There are lots of ways to give your models that battle damaged look. Chipped paint, worn down edges, scratches, scrapes, etc... they're all in there.
If you do any kind of weathering or battle damage to your models, you most likely have some variation of a "chipped paint technique" that goes something along the lines of use a tiny brush to apply a dark color to simulate to primer showing followed by the application of a metallic color in just a few places after that to show the bare metal underneath. I know I do.
And you've probably got it down to a science to where you can apply it to a model quite fast to get the results you want.
And then comes along this model. He's another test model for my friend just like the one I posted last week. The one important thing I learned about this guy applies to weathering and creating that worn edge look to armour plates... with powder.
I'd painted this guy up and added my battle damage by painting it on. I'd moved onto the point where I was applying powders and realized I'd forgotten to do the chipped paint look along the backpack exhaust vents. Being the lazy slug that I am, I didn't want to put away my powders and grab my metallic paint to touch up the exhaust vents.
You see, I've had my "metallic" weathering powder for ages but have NEVER used it aside from the one time I tried to apply it to tank treads.
Since then, it's sat quietly on the back of my shelf behind all my other weathering powders collecting dust. I've had no use for it to be honest.
I even emailed misterjustin from Secret Weapon Minis to tell him it was a waste for me. When I picked up my first few powders from him, he sent this one along telling me how it was a "must have" powder. Sure... whatever. If you say so.
If you can't see where this one is going, let me help you.
I took the Metallic Iron powder and brushed it along the edges of the exhaust vents and of course it looks amazing. On top of that, it's just as fast as painting. If you look at the picture of his right arm up above, you can see where I tried to apply the powder to the armour plates on his arm as well. Doesn't look too bad actually.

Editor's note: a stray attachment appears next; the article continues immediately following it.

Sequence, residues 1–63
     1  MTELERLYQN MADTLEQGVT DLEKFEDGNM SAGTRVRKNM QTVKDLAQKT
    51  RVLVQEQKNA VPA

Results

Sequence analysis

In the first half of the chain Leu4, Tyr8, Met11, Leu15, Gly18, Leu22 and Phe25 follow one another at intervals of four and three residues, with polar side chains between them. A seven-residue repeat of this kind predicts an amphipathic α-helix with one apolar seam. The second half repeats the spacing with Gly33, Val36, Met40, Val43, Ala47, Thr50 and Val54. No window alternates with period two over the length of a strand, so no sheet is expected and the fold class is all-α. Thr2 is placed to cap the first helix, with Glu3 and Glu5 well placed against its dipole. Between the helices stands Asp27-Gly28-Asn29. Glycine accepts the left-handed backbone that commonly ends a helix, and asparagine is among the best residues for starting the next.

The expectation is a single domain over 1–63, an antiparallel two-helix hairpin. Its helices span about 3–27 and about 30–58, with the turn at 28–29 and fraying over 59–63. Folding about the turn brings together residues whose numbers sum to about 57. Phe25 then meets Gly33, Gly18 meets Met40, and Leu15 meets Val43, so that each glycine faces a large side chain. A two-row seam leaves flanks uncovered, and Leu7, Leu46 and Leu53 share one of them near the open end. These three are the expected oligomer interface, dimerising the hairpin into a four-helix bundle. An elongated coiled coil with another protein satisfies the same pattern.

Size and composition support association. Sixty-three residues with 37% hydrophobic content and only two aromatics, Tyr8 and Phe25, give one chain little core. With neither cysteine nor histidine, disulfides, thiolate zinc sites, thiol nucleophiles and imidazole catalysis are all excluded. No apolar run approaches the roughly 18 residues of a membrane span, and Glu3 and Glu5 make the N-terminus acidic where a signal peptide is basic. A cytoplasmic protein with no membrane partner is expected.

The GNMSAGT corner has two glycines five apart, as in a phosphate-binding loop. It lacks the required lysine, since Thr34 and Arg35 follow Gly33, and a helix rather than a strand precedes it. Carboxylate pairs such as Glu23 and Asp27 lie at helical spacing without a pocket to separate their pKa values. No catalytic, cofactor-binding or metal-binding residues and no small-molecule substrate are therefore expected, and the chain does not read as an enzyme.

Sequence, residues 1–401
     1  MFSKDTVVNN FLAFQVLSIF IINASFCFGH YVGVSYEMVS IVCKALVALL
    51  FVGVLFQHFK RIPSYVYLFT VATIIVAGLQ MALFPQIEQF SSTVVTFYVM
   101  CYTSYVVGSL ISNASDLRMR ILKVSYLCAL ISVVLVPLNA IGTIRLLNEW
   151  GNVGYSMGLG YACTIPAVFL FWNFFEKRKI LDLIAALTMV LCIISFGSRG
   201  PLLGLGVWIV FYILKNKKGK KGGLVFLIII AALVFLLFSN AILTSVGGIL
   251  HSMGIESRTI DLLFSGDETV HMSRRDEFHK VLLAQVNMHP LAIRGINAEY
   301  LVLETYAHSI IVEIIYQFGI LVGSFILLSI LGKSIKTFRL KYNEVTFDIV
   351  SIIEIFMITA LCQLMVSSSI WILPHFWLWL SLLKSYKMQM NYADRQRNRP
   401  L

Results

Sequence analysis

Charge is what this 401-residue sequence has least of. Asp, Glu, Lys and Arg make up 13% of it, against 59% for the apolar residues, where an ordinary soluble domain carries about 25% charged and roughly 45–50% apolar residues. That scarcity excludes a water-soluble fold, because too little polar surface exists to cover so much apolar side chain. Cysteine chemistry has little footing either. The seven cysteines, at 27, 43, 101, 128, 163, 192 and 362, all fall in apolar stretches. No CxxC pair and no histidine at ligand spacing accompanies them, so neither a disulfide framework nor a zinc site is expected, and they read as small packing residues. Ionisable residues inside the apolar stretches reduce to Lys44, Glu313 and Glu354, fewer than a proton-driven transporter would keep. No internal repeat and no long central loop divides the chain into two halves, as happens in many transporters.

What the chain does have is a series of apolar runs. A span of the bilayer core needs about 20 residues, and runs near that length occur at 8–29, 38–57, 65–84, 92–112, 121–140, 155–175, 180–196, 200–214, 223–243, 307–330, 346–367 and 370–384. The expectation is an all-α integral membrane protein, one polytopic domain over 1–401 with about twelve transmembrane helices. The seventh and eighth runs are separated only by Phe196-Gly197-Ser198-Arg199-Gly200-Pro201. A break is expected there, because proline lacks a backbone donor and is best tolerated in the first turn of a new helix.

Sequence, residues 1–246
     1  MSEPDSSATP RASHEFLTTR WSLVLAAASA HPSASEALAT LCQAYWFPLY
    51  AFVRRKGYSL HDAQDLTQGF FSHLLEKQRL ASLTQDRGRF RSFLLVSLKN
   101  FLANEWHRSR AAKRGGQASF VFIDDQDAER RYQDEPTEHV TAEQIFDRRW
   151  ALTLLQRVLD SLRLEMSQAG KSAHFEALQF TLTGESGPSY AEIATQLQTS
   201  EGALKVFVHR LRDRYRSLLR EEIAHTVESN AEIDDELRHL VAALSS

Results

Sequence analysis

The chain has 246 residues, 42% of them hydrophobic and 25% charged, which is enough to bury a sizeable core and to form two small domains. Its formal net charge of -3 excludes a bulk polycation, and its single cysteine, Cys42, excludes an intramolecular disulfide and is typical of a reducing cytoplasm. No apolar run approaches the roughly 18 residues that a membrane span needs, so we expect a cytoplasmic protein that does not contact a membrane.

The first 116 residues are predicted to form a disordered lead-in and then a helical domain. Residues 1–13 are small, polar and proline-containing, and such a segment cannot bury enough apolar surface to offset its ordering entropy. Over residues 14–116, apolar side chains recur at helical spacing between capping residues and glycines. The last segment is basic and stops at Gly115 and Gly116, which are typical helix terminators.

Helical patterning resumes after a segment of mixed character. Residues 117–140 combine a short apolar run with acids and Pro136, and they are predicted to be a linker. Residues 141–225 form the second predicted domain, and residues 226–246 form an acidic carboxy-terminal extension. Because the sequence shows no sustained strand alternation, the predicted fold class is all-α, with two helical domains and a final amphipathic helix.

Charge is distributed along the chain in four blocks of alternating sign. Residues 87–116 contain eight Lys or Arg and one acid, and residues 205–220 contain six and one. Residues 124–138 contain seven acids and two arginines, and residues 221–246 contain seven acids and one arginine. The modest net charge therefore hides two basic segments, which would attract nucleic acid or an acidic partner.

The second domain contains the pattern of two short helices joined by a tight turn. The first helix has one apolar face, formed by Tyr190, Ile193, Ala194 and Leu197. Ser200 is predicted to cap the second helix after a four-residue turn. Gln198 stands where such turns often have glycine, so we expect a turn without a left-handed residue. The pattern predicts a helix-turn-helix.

And then I thought, if it works there, it should work in other places too. I grabbed a few more models I had lying around and went to work. And I discovered a few things.
Applying metallic powders over darker colors
Here's where the metallic powder effect works best I think. The little extra powder that collects away from the edge only serves to look like a subtle wearing down of the armour leading up to the edge.
It's just a matter of brushing the powder over the raised edges and getting it to collect there. Like all other powder application, it's best done in multiple passes to build up the effect. It's easier to add more than it is to try and remove too much.
When am I going to use it?
Over my darker colors like black and dark blues, greys, etc. where I have an edge AND surrounding area that I want darkened slightly with the edge looking like it's worn down to the bare metal.
Applying metallic powders over lighter colors
Here's where the metallic powders don't really work for me. Since you're working over a lighter background color, the excess powder that collects around the edges makes the area look "dark." Not the effect I always want. It works over darker colors because you don't really see the excess powder.
It's not going to work over the bone on my Deathwing models.
When am I going to use it on lighter colors though?
I'll use it on lighter colors like red, green and anything not super light as long as the darkening down effect fits in with the look I want. Maybe in those areas of a model that get worn down but still collect dirt and grime and such. Areas like under shoulderpads, backpacks and knee joints.
Metallic weathering powder is definitely a "must have" for me now. I'm using Metallic Iron from Secret Weapon Miniatures. It's not going to work in every case, but when I have a model with darker colored armour and I want to give it a really nice worn down look along some of the edges, it's definitely going to be my preferred technique.
The biggest down side to this whole technique is that the effect is really nice over black armour. So much so that it has made me think twice about painting my Deathwing in the classic bone scheme.
But the question still remains, what do I do in the case of lighter colored armour?
I'll be going over that next.
Make sure to check out these posts as they might help:
Why you don't try to make your own weathering powders.
Some thoughts on using weathering powders